Erik ten Hag‘s first competitive game as Manchester United manager ended in a dismal defeat to Brighton and Hove Albion.
Nobody is blaming Ten Hag for United’s failings. The defeat lays square at the doors of the board for delivering a below par squad.
The Dutchman is here for the long haul, and as Gary Neville pointed out on Sky Sports, ‘reality has hit home’.
Here is a look at three things we learned about Ten Hag from United’s opening day loss…
Ready to make big calls
Ten Hag did not panic with Anthony Martial being absent. He was prepared to make the big call and leave Cristiano Ronaldo on the bench.
Whether this was the right or wrong decision (you can argue wrong because United lost), is immaterial. He was brave enough to make the call.
Ronaldo had only played 45 minutes of pre-season football. Ten Hag viewed him as behind the rest of the group. He did not sway, purely because of a lack of options.
Manchester United need a manager who is not afraid to leave out big names. This was one of Ole Gunnar Solskjaer’s downfalls. Every player should be on notice.
He also threw Lisandro Martinez in to make his debut in the first game of the season. This was not the safe option.
The more conservative choice would have been to select Raphael Varane, or Victor Lindelof, not even on the bench.
Was it the right call? The result would suggest not, but Ten Hag values the attributes Martinez offers highly, and is determined to bed him into the defence. Making this call early on was a brave move.
Prepared to innovate tactically
Ten Hag’s solution for Ronaldo’s absence was to play Christian Eriksen as a false nine. Then later on the Dane was deployed as a deep midfielder, with Fred taken off.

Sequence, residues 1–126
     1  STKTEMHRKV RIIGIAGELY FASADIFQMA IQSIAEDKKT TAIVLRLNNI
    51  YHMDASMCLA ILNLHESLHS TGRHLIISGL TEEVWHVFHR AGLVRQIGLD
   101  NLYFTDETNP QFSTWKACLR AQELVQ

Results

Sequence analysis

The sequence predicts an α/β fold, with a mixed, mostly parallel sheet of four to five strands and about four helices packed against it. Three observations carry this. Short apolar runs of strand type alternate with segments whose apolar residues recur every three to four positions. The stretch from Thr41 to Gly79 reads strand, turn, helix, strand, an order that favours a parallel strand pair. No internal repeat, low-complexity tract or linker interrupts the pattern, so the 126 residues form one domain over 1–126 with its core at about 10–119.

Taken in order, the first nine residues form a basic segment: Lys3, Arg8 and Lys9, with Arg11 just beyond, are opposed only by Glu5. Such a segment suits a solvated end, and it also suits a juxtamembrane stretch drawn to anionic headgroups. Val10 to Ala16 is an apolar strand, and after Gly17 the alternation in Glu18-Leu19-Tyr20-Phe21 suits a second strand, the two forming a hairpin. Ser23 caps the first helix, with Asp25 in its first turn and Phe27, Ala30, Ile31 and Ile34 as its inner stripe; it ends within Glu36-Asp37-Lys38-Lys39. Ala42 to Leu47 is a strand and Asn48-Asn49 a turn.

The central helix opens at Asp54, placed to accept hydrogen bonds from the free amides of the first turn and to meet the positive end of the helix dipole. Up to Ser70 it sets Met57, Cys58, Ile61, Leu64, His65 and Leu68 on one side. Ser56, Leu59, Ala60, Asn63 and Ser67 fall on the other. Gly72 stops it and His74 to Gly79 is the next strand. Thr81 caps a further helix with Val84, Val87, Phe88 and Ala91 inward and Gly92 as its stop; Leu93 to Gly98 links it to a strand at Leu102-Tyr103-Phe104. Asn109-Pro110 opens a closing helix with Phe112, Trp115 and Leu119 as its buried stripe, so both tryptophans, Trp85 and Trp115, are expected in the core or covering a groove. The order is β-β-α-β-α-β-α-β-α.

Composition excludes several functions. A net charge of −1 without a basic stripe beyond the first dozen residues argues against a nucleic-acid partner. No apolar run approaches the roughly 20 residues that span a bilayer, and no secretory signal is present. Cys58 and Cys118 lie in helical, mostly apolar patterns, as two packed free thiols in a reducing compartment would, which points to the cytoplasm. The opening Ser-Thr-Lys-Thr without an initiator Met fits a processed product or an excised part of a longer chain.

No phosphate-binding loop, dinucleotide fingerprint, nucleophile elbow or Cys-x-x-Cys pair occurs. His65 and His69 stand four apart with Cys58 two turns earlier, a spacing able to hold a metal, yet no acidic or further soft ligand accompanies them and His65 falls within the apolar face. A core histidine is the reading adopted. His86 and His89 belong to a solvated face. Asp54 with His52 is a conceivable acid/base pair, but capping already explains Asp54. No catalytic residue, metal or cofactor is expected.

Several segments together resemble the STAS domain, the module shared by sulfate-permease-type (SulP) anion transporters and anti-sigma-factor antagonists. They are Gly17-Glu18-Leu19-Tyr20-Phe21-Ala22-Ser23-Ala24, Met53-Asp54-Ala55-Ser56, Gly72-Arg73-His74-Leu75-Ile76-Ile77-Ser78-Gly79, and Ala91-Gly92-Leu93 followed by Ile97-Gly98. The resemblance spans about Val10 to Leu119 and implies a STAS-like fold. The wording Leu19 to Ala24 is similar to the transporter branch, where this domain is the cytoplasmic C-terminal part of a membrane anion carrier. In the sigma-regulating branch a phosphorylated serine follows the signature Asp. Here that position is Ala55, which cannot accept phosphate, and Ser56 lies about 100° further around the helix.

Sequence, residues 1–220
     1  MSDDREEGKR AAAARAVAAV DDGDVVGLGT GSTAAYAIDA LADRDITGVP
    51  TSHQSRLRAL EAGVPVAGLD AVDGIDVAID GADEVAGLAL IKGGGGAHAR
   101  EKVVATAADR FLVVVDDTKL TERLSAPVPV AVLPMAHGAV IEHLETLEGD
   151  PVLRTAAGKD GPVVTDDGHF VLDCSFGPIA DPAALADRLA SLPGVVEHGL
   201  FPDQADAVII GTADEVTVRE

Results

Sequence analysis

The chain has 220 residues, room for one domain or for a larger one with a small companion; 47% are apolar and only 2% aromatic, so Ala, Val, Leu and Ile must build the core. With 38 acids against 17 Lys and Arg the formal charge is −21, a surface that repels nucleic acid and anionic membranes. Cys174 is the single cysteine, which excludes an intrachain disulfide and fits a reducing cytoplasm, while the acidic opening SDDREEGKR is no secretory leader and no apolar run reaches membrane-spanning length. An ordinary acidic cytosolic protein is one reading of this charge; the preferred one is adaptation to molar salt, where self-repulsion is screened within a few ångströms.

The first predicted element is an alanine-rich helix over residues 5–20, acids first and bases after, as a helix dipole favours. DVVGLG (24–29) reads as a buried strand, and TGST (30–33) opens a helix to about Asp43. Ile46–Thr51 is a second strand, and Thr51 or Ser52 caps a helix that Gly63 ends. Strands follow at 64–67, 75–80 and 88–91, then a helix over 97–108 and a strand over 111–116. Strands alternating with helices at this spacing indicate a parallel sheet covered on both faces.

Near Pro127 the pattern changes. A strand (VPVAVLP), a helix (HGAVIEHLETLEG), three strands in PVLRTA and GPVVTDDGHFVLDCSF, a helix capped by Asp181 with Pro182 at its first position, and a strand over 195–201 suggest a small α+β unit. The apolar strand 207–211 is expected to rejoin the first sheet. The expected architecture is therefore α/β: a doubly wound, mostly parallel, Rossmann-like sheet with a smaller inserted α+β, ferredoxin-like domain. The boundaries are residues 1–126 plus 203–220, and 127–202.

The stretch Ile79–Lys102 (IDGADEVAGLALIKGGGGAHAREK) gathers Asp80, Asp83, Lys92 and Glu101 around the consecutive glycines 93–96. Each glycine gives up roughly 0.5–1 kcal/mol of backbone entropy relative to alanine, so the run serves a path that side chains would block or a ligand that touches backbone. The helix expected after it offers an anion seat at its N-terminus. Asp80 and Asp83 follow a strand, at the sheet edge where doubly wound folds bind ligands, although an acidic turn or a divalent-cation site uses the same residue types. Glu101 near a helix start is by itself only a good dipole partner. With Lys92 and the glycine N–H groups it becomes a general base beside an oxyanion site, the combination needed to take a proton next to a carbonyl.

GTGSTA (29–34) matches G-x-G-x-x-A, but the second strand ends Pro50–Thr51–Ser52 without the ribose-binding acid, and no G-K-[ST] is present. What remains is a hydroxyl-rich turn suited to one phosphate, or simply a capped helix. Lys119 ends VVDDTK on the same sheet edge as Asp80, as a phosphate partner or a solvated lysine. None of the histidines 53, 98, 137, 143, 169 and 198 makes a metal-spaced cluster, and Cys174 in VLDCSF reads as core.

United began the game with promising attacking movement which carved out Bruno Fernandes’ early chance.
This wasn’t simply a case of dropping Ronaldo to start another striker. Ten Hag left out the number 7 to try an entirely new approach.
The idea should be commended, even if the execution was poor. Manchester United’s new manager has a vision, he was just let down by a frankly awful midfield which is not anywhere close to being up to standard.
He has a lot to learn about his players
Erik ten Hag’s main fault at Manchester United so far has been that he has been overly optimistic on some of the players who have been proven to be sub-standard.
Ten Hag should have placed more value in advice meted out by Ralf Rangnick that a total overhaul was required.
The Dutchman has given too many players the benefit of the doubt, and a clean slate. He is going to have to learn the hard way.
Scott McTominay, Marcus Rashford, and David de Gea are all players with major weaknesses to their games which may be irredeemable. Ten Hag will try to work with them, before he gets burned like his predecessors.
At the moment they may represent some of his more preferable starting options, but his patience won’t last. United need to back him to replace them, if he is simply unable to improve them.